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SAFE Authentication with Azure Active Directory – Part 1.

Authentication can be a complex topic, but getting started with the SafeStack and Azure is relatively simple and very similar to any other ASP .NET application.

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Note - the blog below is quite out of date now, the SAFE template has moved on from V2 and some of the Azure libraries are different as well. I have an example I am keeping up to date here

Many software systems require users to log in to prove who they are.

This process is referred to as authentication.

Once a user has been authenticated, we can perform authorisation, which is enforcing what they can do.

When authenticating users, you have a few options - you could keep an internal database of users, or perhaps use one of the many identity services available.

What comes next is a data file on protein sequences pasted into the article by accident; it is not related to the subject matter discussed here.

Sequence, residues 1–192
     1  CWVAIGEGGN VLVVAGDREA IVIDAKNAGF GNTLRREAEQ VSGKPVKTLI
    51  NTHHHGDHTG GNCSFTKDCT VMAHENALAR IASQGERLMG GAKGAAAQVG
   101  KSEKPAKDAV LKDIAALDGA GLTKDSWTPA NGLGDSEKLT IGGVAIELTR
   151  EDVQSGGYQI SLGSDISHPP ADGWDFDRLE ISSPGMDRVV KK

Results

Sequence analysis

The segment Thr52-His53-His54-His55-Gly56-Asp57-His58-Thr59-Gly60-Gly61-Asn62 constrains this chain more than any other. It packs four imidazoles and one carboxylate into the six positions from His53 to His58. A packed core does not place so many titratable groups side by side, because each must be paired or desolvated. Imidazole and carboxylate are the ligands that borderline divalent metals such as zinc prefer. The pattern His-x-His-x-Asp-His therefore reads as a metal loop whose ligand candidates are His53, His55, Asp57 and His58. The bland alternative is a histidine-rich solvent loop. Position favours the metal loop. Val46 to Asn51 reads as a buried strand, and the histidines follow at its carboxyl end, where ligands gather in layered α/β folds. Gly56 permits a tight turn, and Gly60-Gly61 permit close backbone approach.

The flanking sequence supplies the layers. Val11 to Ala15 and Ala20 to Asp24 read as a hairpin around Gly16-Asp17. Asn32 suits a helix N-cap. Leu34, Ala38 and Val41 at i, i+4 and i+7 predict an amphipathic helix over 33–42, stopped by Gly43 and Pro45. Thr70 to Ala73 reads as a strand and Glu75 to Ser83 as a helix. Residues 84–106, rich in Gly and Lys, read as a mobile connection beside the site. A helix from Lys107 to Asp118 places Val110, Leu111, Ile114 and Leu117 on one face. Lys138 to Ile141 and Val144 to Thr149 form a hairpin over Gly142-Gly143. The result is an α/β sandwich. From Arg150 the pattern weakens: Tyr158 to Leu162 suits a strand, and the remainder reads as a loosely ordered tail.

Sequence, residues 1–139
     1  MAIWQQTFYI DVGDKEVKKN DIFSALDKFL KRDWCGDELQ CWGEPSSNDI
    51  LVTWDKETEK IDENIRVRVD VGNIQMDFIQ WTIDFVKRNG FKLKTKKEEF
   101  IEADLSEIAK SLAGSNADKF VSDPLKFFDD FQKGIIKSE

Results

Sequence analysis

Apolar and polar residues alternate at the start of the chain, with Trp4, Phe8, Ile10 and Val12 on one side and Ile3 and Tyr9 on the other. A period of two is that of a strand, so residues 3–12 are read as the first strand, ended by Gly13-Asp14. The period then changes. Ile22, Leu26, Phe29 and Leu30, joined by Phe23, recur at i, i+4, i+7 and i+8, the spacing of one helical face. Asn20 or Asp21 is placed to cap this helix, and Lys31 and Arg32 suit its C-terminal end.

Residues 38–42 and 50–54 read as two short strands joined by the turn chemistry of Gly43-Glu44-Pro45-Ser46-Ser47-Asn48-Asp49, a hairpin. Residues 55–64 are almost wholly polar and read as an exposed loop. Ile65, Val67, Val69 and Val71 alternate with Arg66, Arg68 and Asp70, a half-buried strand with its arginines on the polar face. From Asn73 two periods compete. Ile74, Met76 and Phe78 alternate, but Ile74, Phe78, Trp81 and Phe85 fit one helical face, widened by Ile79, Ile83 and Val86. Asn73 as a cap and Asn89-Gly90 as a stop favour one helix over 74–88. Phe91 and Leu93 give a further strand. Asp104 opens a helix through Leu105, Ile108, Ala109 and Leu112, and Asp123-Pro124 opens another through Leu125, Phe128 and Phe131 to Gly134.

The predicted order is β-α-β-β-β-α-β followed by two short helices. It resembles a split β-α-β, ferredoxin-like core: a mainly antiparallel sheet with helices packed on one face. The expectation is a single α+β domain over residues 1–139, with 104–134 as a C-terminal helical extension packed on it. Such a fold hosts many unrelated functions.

Whatever you choose, you can easily plug it into your ASP.NET application and begin enforcing your access policies.

Active Directory

In this example we will look at Azure Active Directory which provides a rich suite of authentication services.

The first thing you will need to do is to create an Azure account and log into the portal.

Here you can create a tenant for your organisation and provision a directory which will allow you to manage user accounts and access policies.

App Registration

Once the directory has been set up, you will need to provision an App Service resource.

This acts as a host for your web application or mobile back-end. External parties communicate with the App Service, which in turn controls access to resources and forwards messages on to your application.

For an automated, repeatable and reliable way of deploying and updating your app resources using F#, check out Farmer. This is included in the SAFE V2 template. Simply execute dotnet fake build -t Azure to deploy your app.

After you have provisioned an app service you can register it with Active Directory, which will allow it to authenticate users.

You will need the login / logout callback URIs from here in the next step.


In order for your app to connect to Active Directory, you must include some configuration data such as the ID of your directory and app (referred to as TenantId and ClientId respectively).